Acoustics is the interdisciplinary science that deals with the study of all mechanical waves in gases, liquids, and solids including vibration, sound, ultrasound and infrasound. Applications of acoustics are for instance the audio and noise control industries.

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How can people do music with Tesla coils?

I saw a lot of videos of Tesla coils doing music on YouTube. And I wonder how can they do that sort of things. How they can calculate what tone it is going to do? And what are the factors to ...
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124 views

Will timbre/quality be different if two different people play the same guitar? [closed]

Will timbre/quality be different if two different people play the same guitar? Assume that frequency/pitch and amplitude are same.
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How does a speaker produce sound?

What I read is that a speaker produces sound by the movement of a coil attached to a cone which moves back and forth. So, If I try to move the coil by hand, would it produce sound? If not, why? or Why ...
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Does EM radiation (any, i.e. RF), or sound, radiate everywhere at once?

I am having trouble understanding electromagnetic radiation (or waves in general, be it EM or sound). If I have a 1 Watt speaker, is it infinitely divided and spread out so that everyone in every ...
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Riddle about speed

This stems from a riddle I read in a magazine perhaps 20 years ago so I apologise for the imprecise recollection. A dog that can run infinitely fast is placed on an infinitely large flat surface and ...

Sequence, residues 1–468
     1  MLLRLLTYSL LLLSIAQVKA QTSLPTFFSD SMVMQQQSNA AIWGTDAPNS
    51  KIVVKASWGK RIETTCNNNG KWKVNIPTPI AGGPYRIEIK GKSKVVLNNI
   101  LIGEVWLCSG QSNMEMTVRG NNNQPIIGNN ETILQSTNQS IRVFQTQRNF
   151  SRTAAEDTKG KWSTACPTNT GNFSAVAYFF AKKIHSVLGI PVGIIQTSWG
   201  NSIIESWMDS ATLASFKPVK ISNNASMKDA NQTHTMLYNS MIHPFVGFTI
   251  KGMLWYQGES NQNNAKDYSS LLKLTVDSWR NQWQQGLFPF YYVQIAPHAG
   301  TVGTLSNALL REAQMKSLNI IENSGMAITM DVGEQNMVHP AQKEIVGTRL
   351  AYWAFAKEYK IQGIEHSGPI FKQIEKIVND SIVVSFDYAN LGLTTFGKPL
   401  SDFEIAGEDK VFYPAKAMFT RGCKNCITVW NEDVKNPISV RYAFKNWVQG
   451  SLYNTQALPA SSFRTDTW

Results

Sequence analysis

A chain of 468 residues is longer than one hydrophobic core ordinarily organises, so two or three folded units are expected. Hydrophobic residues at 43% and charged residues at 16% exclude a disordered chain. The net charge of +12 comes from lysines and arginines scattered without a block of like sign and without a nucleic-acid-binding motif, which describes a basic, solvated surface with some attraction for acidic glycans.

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Why can't echoes be heard inside a room?

If I go camping and shout anywhere, in the forest or on a cliff, I usually hear the echo of my voice. Why when I shout in my room I do not hear any echoes?
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How to distinguish female and male voices via Fourier analysis?

What makes one, without looking, be able to identify the gender of the talker as male or female? I mean if we Fourier analysed the voice of males and females, how the 2 spectrums are different which ...
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Is it possible to break bulletproof glass with your voice?

In The Adventures of Tintin, an opera singer (the Milanese Nightingale) broke a bulletproof glass case using her voice. Is that scientifically possible? From the Wikipedia page, a typical bulletproof ...
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Why do bass tones travel through walls?

I was in the shower while my roommate was listening to music and got to thinking about the fact that I could only hear the bass and lower drums through the walls. Why is this? The two possibilities I ...
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127 views

What theory is the person in this song talking about?

What he is talking about sounds interesting to me, and I would like to know more. But I need to know the name first. http://www.youtube.com/watch?v=Ogn5FrVGtAg&hd=1
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Decibel level addition of multiple noise sources

If I have four computer fans of which each is said to run at 46 dB, and they run close to each other, how loud is the whole system? I somehow recall from my physics course that 10 decibel ...
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How can a sine wave represent a longitudinal wave?

I envision a longitudinal wave as a series of vertical lines like that drawn on the board in an introductory physics class. This image contains no angles. Sound is a longitudinal wave. Some ...
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201 views